The 'Da Vinci' robot joins thoracic surgery in Tenerife

The Complejo Hospitalario Universitario de Canarias (HUC) has performed the first three Thoracic Surgery interventions with the Da Vinci robot. These are interventions for tumors of the mediastinum, located between the heart and the sternum, with resection of the thymus and thymic fat.

The advantages of this type of surgery are the high degree of precision, a less invasive surgery and the reduction of hospitalization time.

Doctors Nuria Mañes and Helena Hernández, thoracic surgeons who performed the interventions, highlighted that the surgeries "have gone very well and that the patients are progressing favorably."

Likewise, they highlighted the precision of the work that allows improving surgical results, especially with regard to the patient's recovery, as well as the possibility of undertaking more complex surgeries with greater safety, precision and radicality when the case requires it.

The Thoracic Surgery service will gradually incorporate other complex pathologies that are subsidiary to robotic surgery, such as lobectomies and pneumonectomies, such as surgery for bronchogenic carcinoma and other lung tumors, as well as inflammatory lung disease. Other tumors of the thoracic wall and pleura will be introduced.

The Da Vinci Surgical Robot allows for smaller incisions and scars, resulting in less pain and greater patient comfort, requiring less use of analgesia. The recovery and postoperative time is reduced with shorter hospital stays, which allows a more agile management of hospital beds.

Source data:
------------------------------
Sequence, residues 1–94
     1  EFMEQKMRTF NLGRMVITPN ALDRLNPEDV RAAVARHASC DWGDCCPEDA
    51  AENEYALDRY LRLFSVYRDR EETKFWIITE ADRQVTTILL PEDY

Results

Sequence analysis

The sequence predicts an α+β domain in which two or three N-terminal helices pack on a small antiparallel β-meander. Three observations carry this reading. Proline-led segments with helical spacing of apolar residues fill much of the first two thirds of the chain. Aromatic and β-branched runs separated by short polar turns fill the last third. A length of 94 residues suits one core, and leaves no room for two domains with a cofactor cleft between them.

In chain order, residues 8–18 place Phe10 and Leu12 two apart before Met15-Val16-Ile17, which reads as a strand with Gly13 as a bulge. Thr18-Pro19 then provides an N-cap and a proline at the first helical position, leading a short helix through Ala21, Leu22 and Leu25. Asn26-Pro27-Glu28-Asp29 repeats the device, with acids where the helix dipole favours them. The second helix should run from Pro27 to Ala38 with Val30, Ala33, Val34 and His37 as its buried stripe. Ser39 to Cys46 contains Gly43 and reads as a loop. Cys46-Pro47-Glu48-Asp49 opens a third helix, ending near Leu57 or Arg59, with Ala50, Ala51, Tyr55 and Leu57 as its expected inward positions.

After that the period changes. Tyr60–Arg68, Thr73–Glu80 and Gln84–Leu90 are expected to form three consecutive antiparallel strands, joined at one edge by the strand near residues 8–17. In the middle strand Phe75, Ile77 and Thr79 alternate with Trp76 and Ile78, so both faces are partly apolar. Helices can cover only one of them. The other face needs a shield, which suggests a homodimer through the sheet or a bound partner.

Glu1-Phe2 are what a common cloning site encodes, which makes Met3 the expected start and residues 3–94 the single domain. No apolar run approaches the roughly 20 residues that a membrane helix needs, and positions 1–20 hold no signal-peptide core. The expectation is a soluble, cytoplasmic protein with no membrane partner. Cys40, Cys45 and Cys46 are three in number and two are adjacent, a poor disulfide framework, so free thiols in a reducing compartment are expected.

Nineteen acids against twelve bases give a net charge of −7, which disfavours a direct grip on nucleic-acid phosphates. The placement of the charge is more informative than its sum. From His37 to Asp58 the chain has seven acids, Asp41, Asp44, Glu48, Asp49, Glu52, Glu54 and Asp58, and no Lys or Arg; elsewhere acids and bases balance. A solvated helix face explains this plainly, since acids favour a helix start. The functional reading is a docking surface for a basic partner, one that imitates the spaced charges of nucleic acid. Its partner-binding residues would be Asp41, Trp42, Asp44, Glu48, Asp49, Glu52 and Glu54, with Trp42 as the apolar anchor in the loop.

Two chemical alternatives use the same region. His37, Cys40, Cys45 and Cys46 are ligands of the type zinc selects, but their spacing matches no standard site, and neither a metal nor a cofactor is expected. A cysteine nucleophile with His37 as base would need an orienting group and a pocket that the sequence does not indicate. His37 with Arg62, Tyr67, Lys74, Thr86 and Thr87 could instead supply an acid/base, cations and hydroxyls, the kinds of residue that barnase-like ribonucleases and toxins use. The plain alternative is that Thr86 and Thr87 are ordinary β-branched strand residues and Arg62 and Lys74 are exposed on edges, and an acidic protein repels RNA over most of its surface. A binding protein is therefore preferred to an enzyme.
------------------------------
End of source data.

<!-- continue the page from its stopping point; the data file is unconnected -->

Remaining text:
It is a robotic assistant with four arms that transmits the movements performed by surgeons through a console in which they also have a 3D view of the interior of the patient. The surgeon controls the robotic arms, to which a specific instrument is attached that offers a 360º rotation capacity. All assisted by another field surgeon.

The Da Vinci robot is made up of three elements: surgical console, control unit, and vision tower. The console is the place where the surgeon directs the intervention by controlling the optics (which allows visualization of the inside of the patient's chest cavity) and the instruments using manual manipulators and foot pedals.

The control unit is the place where the patient is positioned and has four movable and interchangeable arms. And the vision tower which is the central unit for the elaboration and processing of the image and energy. The surgical table is synchronized with the robot.

The specialties that have been using this surgical robot at the HUC are Urology, Gynecology, General and Digestive Surgery and Thoracic Surgery.


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